While the 26 year old gets his top transfer this summer (5 seasons at Inter Milan), our memories go back to 2011, when the anger, despair and frustration seaps from the Feyenoord stands on to the pitch, where a young De Vrij makes his way to the tunnel in tears. Feyenoord loses at home 0-1 vs De Graafschap and is 14th in the Eredivisie. In a period where the club from Rotterdam gets beating after beating, it’s players like Wijnaldum, Fer and Castaignos who symbolise the hope in Rotterdam. But Stefan de Vrij is the ugly duckling. Always needing to swim upstream but drowning on that January night.

De Vrij, born ten kilometers from Rotterdam in Ouderkerk aan den IJssel (basically “Old Church on the river IJssel”). A little village. Where indeed the church rules. On Sunday, the shops are closed, no football club is in action and where Stefan de Vrij grew up a shy lad.

He makes his way to Feyenoord’s youth system. All the experts have seen it. There is a right footed defender now at Feyenoord, who will most likely make it to the first team, make it into the Dutch team and is set for greatness. But they’re not talking about De Vrij, but about the six months younger lad Jeffrey Bruma, signed from Excelsior Bruma is a city kid. Bit mouth, and always ready to win an argument with a fight. A big contrast with the village kid from Ouderkerk: shy and down to Earth.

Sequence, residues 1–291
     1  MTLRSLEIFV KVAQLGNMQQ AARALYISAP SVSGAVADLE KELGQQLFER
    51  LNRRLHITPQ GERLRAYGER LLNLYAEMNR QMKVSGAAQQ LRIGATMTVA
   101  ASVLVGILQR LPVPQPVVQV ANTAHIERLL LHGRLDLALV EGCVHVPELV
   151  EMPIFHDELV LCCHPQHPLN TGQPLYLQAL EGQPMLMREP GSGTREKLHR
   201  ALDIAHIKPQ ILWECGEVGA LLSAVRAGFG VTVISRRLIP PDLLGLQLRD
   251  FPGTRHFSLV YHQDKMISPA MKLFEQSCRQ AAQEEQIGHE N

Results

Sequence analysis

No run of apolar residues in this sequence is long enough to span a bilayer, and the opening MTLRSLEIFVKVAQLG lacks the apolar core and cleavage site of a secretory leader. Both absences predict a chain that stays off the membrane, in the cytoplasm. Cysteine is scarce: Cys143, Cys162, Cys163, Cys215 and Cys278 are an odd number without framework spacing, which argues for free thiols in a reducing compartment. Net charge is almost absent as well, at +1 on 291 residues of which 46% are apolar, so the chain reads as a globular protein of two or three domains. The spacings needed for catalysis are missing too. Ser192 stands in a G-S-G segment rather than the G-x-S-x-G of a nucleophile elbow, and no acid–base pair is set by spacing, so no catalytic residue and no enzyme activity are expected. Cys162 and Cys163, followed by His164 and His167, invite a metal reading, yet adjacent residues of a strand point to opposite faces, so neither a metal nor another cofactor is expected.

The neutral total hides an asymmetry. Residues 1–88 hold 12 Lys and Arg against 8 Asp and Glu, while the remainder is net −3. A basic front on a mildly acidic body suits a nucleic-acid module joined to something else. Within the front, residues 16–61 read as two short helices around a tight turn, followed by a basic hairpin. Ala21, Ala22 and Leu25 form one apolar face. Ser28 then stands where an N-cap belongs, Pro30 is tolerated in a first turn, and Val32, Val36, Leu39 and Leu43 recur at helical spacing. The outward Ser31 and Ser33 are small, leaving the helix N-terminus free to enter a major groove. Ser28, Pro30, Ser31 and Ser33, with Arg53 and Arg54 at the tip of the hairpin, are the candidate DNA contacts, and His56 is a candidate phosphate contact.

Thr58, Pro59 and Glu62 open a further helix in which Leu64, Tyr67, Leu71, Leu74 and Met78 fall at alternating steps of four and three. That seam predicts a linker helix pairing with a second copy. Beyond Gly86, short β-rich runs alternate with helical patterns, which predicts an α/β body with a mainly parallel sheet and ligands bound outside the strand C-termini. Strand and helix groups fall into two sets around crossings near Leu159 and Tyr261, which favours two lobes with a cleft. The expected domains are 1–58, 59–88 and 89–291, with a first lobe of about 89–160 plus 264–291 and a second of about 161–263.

It’s hard for Stefan. Young Jeffrey is invited to play in the older teams, in place of De Vrij. Bruma is also picked for the different rep teams of their age group, and De Vrij is not. In 2006, Chelsea shows up, with a bag of money and promises.

A young De Vrij in his typical Dutch little village….

Feyenoord is not happy, but for De Vrij, this is good news. But, he still isn’t the go to player for the central defenders role. Feyenoord also has Karim Rekik. He’s also younger than Stefan but has the personality of a leader and draws most of the attention. Luckily for De Vrij, also the attention from Manchester City. So Rekik leaves too and it’s the decisions made by others that will influence Stefan’s career. Still he is a question mark.

Feyenoord protects its big talents with early contracts. The fact that De Vrij gets his first contract when he turns 17 years old is a typical sign. Only months later, he makes his debut in the first team.

In 2014, Lazio Roma pays millions for the defender and at that time, it seems very logical. He played 150 matches for Feyenoord, played 20+ international games, won a bronze World Cup medal, but that De Vrij would become one of Europe’s top defenders…no one could know….

And Stefan now, the cosmopolitan defender in Rome, next stop Milan

In Stefan’s career, it seems the decisions by others were key for him. There were not a lot of coaches who recognised his qualities and said: right! He’s my man! Look at De Vrij’s debut season under Mario Been in 2009.

De Vrij is brought into the squad as the last player that summer. And he would finish the season as starting player. Because right back Dani Fernandez gets a serious injury. His replacement Kelvin Leerdam, gets a serious injury. His replacement Bandjar…you guessed it…gets injured. Been doesn’t get more money to sign another right back, so De Vrij gets the job.